The reality is, a slutty Halloween costume has no reflection on your real-life personal taste, personality, or professionalism. Additionally – contrary to popular belief – a slutty costume does not automatically imply you are throwing out the “I want attention” card. Wearing a slutty Halloween costume can give a woman the opportunity to feel sexy and confident (Yes, it’s true – sometimes we really like wearing next-to-nothing to feel this way). Further, it can give a women the once-a-year opportunity to dress without judgement. Who cares if the costume looks like a nightie? Maybe she’s always wanted to wear a nightie outdoors. All the power to you, sister. Halloween allows her that freedom.

I am a proud advocate of the slutty Halloween costume. I don’t see myself growing out of this mantra anytime soon. Do you respect me less? Think I’m less intelligent? Feel sad because my costumes are a cry for attention?

I didn’t think so. Like many other women who sluttify their outfits around October 31st, I’m just playing dress-up.

Author’s Note: If you are reading this blog post and wear your slutty Halloween costume throughout the year…Goodnight and good luck.


The Facebook Self-Check. A Love Story.

14 Oct

Hello, my name is Kerry O’Grady…and I’m in love with Facebook.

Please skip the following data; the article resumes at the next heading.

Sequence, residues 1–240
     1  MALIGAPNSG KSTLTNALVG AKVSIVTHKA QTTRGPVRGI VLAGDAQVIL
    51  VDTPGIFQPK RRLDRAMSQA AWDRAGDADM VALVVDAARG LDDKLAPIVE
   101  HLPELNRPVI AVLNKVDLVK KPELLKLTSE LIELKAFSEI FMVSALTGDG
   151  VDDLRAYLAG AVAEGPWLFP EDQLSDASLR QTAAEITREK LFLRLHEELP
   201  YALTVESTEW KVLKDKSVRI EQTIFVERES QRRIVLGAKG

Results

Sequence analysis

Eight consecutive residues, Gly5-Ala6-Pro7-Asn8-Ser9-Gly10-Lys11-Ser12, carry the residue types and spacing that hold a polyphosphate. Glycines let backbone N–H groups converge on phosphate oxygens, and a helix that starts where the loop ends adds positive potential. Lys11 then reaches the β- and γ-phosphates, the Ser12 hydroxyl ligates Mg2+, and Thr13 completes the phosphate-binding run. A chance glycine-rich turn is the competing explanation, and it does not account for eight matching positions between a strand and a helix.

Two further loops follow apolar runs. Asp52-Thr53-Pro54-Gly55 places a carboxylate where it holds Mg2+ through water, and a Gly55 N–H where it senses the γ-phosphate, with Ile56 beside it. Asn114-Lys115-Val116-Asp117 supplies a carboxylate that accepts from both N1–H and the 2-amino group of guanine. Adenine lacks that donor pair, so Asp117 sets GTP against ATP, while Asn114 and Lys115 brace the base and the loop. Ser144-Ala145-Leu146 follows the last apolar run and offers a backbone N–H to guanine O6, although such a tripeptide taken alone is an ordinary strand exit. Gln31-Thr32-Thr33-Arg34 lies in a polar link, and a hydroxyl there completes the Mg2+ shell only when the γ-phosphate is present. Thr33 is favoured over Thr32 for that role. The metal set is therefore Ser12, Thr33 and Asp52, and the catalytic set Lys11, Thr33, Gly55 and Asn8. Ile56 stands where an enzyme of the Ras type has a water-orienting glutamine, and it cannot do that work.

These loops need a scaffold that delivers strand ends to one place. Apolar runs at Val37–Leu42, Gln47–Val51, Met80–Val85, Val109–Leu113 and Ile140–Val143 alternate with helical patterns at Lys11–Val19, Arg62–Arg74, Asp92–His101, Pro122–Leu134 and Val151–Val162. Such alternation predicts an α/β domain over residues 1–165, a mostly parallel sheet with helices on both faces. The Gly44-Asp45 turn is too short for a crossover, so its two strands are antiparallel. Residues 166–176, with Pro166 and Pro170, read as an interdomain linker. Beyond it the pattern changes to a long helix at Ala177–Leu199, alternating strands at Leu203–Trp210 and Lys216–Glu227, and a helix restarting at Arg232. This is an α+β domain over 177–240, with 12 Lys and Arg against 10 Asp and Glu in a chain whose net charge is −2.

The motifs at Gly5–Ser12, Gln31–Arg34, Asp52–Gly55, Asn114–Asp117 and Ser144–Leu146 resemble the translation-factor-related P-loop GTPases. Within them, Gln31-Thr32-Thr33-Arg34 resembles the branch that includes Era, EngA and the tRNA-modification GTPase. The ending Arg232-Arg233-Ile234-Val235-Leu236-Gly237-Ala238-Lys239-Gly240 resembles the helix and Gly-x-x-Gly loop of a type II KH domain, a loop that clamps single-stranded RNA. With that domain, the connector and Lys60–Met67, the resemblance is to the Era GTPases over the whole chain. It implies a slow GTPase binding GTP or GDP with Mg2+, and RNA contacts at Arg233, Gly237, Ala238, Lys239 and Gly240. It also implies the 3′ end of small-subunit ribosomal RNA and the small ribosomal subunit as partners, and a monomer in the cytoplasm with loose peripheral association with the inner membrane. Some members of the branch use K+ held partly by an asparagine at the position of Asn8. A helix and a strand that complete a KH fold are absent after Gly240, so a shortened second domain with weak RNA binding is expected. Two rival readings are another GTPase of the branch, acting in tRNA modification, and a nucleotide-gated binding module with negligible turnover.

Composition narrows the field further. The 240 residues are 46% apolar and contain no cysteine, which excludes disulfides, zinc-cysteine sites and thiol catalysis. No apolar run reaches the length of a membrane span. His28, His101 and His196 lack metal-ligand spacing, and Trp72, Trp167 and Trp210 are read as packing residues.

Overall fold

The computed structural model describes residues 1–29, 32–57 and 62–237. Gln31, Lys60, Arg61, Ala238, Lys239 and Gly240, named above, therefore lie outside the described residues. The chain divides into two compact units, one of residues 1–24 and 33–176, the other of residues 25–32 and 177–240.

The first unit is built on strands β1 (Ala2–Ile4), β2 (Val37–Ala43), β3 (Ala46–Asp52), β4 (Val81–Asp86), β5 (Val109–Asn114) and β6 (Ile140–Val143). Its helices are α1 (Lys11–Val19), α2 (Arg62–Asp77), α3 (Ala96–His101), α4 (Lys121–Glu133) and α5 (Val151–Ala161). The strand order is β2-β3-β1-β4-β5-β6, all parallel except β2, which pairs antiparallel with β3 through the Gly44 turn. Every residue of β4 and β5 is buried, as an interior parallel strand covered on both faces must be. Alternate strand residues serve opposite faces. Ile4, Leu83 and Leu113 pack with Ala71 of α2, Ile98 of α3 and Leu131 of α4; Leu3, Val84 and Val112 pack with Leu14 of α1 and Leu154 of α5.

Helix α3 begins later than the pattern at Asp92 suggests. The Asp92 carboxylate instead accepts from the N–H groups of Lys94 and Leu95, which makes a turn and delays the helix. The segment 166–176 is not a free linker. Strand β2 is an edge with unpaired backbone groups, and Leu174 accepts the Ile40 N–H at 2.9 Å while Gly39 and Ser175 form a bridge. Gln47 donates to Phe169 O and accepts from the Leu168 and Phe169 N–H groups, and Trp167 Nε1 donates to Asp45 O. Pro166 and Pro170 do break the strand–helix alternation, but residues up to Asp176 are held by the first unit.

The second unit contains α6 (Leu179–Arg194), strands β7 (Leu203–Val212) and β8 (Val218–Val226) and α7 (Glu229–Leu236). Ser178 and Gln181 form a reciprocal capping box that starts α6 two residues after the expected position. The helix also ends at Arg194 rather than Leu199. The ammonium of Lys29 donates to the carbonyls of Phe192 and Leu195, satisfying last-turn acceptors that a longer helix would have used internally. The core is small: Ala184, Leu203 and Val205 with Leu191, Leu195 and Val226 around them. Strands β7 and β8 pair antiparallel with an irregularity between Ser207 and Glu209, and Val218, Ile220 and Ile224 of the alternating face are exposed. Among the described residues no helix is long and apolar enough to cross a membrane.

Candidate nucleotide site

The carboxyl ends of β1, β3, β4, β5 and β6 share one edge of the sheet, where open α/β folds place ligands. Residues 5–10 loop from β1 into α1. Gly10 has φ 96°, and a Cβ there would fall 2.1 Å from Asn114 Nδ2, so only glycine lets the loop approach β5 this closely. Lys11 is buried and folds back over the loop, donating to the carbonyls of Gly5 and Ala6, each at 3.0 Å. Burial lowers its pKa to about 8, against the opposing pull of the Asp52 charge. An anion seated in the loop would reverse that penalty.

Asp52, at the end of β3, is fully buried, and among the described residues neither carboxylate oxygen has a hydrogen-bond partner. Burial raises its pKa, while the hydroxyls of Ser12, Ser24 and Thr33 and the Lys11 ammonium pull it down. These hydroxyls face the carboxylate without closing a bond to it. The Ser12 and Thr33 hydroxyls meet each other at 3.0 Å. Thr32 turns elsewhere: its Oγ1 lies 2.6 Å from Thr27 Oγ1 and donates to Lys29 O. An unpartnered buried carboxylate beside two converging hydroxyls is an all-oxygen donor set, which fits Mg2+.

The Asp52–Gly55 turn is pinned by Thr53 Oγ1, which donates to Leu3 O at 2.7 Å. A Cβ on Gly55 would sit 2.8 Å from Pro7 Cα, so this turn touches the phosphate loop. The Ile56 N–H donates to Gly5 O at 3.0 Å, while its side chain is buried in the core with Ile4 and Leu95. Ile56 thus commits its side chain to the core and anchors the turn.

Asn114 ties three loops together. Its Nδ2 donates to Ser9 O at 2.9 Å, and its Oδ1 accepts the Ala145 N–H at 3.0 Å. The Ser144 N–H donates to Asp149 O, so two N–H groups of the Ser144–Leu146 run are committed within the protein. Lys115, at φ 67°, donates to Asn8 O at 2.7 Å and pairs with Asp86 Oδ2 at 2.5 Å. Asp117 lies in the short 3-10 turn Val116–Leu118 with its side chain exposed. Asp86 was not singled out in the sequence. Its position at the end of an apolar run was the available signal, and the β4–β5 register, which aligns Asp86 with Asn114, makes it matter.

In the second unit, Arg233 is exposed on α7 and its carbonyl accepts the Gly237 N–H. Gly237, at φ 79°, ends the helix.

The first step is admitting you have a problem, right?

I was a late social media bloomer. When Facebook was hot, I had no interest. I didn’t join until 2009. Once I did, I became fascinated with friending, liking, status-updating, inviting, etc. Three and a half years later, I still can’t get enough. I track social media influencers, am an avid commenter, and am the first person to wish someone a happy birthday. What I can’t pinpoint is WHY I’m so obsessed. I’m a crazy-busy 29-year-old. Don’t I have better things to do? What is it about Facebook?

This fall, I’m guest-lecturing the graduate level social media class at NYU. A few weeks ago, I conducted a lesson on the current social media landscape and leading practices. I spent a good 15 minutes on why people use social media. Some of these reasons included meeting new people, entertainment, and coupons/promotions. If I could dissect why the universe uses social media (as a whole), then I could certainly dissect why I’m (personally) so obsessed with Facebook, right? It’s time for some soul-searching.

I spent a good two days making a list of all the reasons why I love Facebook. After looking at the list, I realized I’m pretty awesome at lying to myself. My list included “research for my students,” “capstone topics,” “monitoring for work,” “remembering birthdays,” and things of the like. Sure, these are rational reasons for my unhealthy attachment, but they aren’t true. The truth to why I’m so obsessed lies deep. It’s time for the real Facebook Kerry O’Grady to please stand up. I threw away my list and decided to get real. Here are the top five reasons why I’m so in love with Facebook:

1. They Like Me, They Really Like Me!: I was never a cheerleader. I never made out with the football captain. I wasn’t homecoming queen. I suck at all sports that require coordination. I’ve always been a huge dork. In high school, I was a floater. I got along with everyone. I had the same experience in college and in the workforce. However, the term “popular” never really suited me. On Facebook, with over 1,000 friends, I feel super popular. It’s a strange sense of awesomeness. Simply, I can’t get enough.